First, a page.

A nut, on a stringed musical instrument, is a small piece of hard material that supports the strings at the end closest to the headstock or scroll. The nut marks one end of the vibrating length of each open string, sets the spacing of the strings across the neck, and usually holds the strings at the proper height from the fingerboard. Along with the bridge, the nut defines the vibrating lengths of the open strings.

An extended-range bass is an electric bass guitar with a wider frequency range than a standard-tuned four-string bass guitar.

The truss rod is component of a guitar or other stringed instruments that stabilizes the lengthwise forward curvature, of the neck. Usually it is a steel bar or rod that runs inside the neck, beneath the fingerboard. Some are non-adjustable, but most modern truss rods have a nut at one or both ends that adjusts its tension. The first truss rod patent was applied for by Thaddeus McHugh, an employee of the Gibson company, in 1921, though the idea of a "truss rod" appears in patents as early as 1908.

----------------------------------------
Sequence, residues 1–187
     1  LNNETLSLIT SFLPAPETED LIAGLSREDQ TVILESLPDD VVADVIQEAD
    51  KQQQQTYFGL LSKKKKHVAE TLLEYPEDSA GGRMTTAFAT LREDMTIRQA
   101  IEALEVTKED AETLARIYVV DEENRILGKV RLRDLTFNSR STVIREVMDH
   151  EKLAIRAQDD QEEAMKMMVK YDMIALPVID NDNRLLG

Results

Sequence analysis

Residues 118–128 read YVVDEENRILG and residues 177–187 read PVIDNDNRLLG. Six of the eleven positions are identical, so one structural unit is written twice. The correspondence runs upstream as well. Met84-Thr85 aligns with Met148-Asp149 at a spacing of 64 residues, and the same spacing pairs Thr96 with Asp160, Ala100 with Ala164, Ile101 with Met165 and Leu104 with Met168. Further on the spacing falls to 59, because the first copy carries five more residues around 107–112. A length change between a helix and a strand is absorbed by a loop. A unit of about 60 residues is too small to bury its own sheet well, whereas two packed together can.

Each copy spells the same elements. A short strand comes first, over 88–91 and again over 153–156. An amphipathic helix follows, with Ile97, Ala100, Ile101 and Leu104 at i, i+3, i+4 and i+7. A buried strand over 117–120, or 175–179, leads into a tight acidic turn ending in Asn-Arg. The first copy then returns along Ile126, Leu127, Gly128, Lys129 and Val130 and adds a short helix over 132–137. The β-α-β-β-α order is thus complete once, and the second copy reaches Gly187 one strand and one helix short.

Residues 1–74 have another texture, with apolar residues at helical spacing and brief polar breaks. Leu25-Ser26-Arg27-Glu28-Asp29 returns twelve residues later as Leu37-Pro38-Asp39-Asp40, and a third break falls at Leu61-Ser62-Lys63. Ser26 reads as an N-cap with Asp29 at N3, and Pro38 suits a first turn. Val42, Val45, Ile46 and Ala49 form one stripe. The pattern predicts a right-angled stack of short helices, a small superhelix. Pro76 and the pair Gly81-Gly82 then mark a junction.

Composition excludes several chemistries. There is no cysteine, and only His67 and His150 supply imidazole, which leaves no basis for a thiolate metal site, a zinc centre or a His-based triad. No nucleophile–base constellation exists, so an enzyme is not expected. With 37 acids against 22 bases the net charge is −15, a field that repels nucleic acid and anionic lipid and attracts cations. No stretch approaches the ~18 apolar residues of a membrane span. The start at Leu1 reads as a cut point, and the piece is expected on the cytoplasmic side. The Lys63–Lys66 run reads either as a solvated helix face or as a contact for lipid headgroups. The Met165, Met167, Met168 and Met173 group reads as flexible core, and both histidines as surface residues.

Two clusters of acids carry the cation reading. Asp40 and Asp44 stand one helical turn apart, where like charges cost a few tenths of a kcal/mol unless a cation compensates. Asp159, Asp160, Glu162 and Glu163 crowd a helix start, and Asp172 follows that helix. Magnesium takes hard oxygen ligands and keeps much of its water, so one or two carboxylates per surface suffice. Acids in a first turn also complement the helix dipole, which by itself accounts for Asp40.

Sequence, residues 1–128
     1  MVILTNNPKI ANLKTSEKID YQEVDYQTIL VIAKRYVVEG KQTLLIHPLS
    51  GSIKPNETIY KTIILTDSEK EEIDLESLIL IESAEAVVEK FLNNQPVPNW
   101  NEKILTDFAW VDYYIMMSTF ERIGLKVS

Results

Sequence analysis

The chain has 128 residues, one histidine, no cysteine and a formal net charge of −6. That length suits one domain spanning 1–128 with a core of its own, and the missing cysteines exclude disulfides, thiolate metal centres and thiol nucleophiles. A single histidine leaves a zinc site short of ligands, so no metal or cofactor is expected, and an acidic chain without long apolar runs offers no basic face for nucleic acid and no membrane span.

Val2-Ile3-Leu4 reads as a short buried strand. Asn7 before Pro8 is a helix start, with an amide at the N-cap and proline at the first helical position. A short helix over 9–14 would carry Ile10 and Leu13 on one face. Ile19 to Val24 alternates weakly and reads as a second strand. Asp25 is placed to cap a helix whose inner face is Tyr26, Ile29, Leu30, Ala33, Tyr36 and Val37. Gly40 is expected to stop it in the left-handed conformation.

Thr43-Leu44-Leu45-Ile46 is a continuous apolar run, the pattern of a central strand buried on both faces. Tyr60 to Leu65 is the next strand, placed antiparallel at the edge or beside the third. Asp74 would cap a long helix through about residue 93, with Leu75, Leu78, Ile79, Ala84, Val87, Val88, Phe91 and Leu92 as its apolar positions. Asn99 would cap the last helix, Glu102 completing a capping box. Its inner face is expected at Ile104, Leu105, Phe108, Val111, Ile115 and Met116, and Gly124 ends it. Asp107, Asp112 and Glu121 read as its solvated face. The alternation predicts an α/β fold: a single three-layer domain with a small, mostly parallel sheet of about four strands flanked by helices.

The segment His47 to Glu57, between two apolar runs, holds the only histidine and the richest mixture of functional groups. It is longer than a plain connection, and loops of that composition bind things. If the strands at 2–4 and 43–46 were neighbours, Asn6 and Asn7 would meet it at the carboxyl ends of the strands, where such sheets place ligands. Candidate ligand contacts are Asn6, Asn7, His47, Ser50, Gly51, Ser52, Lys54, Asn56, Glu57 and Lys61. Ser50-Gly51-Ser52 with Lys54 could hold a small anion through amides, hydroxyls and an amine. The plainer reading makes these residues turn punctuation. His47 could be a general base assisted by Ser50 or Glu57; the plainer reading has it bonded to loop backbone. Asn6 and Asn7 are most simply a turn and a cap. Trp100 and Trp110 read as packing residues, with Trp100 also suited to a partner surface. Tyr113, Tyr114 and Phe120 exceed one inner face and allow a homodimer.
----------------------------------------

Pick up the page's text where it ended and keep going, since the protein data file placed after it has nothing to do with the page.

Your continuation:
In music, intonation is the pitch accuracy of a musician or musical instrument. Intonation may be flat, sharp, or both, successively or simultaneously.

Finger vibrato is vibrato produced on a string instrument by cyclic hand movements. Despite the name, normally the entire hand moves, and sometimes the entire upper arm. It can also refer to vibrato on some woodwind instruments, achieved by lowering one or more fingers over one of the uncovered holes in a trill-like manner. This flattens the note periodically creating the vibrato.

The action of a string instrument that is plucked, strummed, or bowed by hand is the distance between the fingerboard and the string. In keyboard instruments, the action is the mechanism that translates the motion of the keys into the creation of sound.